Ten years have passed, and the Republic isunder threat from separatists, forcing Senator Padme Amidala to seek protection from Jedi Padawan Anakin Skywalker. Meanwhile, Obi-Wan Kenobi discovers a secret Clone Army…
By Chris Hewitt | Posted 2 Dec 2019
15 May 2002
In 2002, George Lucas made a film. I reviewed that film. That review did not go down well. So much so that we eventually unpublished it. But here it is, over 17 years on, for you to point and laugh at. But bear two things in mind. One: before you throw space shade my way, I feel the same way you do. For more details, read my full piece about this in the Star Wars supplement that comes free with the new issue of Empire, on sale now. And two: this is not the review you think it is. Enjoy?
- Chris Hewitt
Attack Of The Clones
The Phantom Menace was awarded four stars by this very magazine. Going by that rationale, Attack Of The Clones deserves, oh, 20. Okay, Clones isn’t the greatest film ever. It’s not even the greatest Star Wars film ever, falling short of close relative The Empire Strikes Back. Yet it outstrips TPM completely, gives Return Of The Jedi a run for its money, and Steven Spielberg thinks it’s better than A New Hope. Make no mistake, Star Wars is back.
For a man supposedly oblivious to Phantom’s critical pasting, Lucas’ fifth instalment feels like it was made by a fanboy committee. There’s more action, more humour and more humanity (McGregor’s Obi-Wan is more confident and cynical, while Portman’s Padme is less regal and more sexy). On the flip-side, there’s no midi-chlorians and – hurrah! – barely any Jar Jar. Meanwhie, Lucas directs capably, showing off his visual skills (breathtaking shots are legion) while letting the increasingly dark story develop unhindered.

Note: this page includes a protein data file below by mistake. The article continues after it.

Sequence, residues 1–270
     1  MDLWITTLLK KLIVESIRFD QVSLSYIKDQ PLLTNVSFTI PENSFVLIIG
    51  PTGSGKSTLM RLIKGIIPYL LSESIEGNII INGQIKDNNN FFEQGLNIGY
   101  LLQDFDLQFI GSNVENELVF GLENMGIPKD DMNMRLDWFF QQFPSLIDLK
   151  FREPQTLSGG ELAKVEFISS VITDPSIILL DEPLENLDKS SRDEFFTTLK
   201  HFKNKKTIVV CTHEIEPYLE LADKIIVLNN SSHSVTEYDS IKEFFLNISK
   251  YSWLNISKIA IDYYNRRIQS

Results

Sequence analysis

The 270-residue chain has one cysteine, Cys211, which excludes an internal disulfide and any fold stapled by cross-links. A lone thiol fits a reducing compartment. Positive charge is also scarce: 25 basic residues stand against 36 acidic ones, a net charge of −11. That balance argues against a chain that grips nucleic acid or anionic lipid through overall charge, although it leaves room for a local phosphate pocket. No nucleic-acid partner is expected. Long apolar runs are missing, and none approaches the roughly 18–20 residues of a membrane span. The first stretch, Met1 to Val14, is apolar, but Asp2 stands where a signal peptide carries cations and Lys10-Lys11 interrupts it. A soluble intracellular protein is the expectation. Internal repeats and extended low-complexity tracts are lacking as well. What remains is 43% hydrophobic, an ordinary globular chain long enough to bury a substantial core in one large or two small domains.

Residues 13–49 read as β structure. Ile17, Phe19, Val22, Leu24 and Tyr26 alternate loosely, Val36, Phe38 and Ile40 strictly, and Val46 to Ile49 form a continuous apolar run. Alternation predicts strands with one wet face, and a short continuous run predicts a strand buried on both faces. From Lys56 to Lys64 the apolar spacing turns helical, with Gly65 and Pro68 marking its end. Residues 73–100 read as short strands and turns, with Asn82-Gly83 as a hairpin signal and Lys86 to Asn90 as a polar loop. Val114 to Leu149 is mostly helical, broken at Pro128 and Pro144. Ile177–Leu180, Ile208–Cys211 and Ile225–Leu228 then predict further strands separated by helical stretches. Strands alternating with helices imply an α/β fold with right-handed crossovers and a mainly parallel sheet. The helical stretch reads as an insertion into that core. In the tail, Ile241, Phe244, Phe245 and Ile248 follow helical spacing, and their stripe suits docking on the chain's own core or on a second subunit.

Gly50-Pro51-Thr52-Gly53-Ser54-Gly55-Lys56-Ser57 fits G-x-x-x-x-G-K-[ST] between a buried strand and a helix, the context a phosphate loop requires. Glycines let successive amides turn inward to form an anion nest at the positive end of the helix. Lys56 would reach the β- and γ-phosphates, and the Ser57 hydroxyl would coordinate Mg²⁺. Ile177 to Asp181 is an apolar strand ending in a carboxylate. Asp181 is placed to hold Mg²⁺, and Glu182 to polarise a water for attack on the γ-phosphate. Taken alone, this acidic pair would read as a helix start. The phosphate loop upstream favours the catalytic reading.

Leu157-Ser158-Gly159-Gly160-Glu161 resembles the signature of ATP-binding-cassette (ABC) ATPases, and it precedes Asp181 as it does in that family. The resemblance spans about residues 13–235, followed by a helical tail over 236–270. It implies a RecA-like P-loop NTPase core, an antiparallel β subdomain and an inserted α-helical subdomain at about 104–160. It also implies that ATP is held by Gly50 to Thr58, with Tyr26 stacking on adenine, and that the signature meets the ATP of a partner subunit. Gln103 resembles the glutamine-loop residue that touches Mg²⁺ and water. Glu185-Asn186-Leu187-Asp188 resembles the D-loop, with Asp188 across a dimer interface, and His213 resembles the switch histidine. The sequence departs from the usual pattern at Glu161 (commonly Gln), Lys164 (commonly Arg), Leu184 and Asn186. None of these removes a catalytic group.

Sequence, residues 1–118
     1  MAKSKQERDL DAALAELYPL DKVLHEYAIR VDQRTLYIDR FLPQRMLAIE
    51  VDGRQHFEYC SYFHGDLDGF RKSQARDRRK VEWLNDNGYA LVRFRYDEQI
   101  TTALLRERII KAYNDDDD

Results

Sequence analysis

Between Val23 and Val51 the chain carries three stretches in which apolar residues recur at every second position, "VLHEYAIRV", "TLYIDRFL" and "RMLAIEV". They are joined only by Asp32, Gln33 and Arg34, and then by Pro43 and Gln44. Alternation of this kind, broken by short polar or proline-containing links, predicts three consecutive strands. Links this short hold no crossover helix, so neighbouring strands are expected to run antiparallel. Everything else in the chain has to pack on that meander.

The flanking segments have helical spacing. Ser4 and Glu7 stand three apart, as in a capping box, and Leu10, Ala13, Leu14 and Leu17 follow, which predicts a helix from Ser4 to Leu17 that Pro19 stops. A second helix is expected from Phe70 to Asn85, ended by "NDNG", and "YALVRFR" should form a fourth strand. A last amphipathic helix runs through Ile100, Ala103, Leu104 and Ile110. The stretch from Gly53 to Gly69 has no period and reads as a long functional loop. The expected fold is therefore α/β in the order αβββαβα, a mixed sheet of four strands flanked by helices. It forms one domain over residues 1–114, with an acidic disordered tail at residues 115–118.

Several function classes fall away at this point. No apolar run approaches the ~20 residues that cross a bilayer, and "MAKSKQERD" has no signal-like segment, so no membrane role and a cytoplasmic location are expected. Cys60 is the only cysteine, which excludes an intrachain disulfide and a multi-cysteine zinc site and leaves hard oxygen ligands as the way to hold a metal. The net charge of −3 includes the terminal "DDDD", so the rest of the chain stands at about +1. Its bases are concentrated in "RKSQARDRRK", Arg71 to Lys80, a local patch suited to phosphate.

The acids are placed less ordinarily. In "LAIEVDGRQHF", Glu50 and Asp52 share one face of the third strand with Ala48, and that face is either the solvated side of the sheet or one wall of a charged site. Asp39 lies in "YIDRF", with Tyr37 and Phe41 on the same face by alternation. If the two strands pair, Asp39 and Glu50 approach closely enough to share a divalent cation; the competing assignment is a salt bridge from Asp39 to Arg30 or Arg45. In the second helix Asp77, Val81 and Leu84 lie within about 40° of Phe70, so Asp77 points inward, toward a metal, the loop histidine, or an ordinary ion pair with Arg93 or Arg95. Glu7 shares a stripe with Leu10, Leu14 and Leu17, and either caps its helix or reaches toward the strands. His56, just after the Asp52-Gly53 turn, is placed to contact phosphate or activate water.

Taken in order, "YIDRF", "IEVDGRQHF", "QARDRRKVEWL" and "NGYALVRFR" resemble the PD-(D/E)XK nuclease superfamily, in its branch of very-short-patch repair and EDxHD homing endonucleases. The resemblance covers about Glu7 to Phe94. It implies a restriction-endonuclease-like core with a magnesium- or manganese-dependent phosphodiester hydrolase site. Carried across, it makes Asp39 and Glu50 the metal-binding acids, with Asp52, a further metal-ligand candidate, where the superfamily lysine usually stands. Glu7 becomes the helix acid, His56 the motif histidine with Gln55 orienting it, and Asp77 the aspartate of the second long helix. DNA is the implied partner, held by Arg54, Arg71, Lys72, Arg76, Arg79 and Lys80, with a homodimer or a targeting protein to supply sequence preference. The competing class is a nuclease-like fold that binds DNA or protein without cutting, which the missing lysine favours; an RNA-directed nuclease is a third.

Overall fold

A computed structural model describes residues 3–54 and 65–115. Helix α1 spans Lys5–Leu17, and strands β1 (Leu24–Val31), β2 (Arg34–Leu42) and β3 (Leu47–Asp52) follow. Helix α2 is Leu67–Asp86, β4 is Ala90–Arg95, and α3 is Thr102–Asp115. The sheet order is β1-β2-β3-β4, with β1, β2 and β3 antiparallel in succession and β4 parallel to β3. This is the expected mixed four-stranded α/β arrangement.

Make no mistake, Star Wars is back.
Phantom may have been just for kids, but thanks to its frequent decapitations and murky tone, Clones skews a lot older. It’s not as simple as white hats, black hats anymore: the proto-Stormtrooper Clones are here — oh, the irony! — led into battle by Yoda; while the loathed Jar Jar inadvertently sets in motion the Clone Wars. Lucas also bravely consigns his nominal baddies — Jango Fett and Christopher Lee’s imposing Count Dooku — to the background, allowing him to focus on Anakin’s fall from grace. The Tusken Raider slaughter and Anakin’s subsequent hate-fuelled confession is the most emotionally-charged Star Wars sequence since Empire’s climax; thankfully the glowering, preening Christensen delivers a suitably tortured performance. Episode III awaits.
It’s not all perfect: the romance never escapes its plot device origins; the dialogue is still clunky; non-fans might get lost, and the mid-section lacks pace. As for ILM’s wall-to-wall CG (most of the walls are CG), such hyper-reality means Clones occasionally resembles the most expensive Babylon 5 episode ever made.
Attack Of The Clones
Then again, the climactic battle, featuring Jedi kicking ass and — heyl — Clones attacking, is a mind-boggling fusion of technology and entertainment that eclipses anything seen before in the fantasy genre. Hell, in any genre. And then, along comes Yoda’s astonishing, crowdpleasing battle with Count Dooku. A showdown that is — inarguably — the Star Wars saga’s greatest single moment, and for that, all past indiscretions are forgiven. Welcome back, George.